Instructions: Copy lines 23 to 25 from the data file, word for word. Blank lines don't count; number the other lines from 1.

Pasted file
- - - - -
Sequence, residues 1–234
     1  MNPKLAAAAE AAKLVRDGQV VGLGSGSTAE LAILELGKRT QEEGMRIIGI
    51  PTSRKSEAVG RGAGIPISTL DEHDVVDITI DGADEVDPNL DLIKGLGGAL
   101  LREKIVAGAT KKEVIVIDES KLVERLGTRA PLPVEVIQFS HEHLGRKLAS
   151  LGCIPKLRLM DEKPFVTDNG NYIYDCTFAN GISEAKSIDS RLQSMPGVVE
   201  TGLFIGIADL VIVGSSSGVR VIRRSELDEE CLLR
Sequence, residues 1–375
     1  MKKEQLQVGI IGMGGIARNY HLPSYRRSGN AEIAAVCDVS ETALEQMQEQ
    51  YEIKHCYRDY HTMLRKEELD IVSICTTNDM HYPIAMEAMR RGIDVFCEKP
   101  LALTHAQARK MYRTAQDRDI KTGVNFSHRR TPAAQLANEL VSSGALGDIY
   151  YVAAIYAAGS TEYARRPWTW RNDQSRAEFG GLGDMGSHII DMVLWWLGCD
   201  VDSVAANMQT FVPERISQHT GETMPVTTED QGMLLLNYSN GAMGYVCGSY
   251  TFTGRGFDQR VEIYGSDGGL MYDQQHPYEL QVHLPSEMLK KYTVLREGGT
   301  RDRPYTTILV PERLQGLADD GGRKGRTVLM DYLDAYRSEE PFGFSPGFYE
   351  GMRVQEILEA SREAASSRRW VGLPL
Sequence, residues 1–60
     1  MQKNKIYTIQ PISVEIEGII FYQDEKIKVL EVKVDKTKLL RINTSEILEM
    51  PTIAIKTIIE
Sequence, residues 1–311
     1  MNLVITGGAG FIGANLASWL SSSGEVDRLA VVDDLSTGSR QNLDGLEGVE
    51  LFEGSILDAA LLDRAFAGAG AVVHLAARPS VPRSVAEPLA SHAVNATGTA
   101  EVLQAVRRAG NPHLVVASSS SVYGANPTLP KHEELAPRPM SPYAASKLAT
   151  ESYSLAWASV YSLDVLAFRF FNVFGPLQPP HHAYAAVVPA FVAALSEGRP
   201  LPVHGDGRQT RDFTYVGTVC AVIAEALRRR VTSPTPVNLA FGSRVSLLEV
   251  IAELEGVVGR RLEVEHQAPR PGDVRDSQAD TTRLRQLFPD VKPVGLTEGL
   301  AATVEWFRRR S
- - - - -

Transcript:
   151  ESYSLAWASV YSLDVLAFRF FNVFGPLQPP HHAYAAVVPA FVAALSEGRP
   201  LPVHGDGRQT RDFTYVGTVC AVIAEALRRR VTSPTPVNLA FGSRVSLLEV
   251  IAELEGVVGR RLEVEHQAPR PGDVRDSQAD TTRLRQLFPD VKPVGLTEGL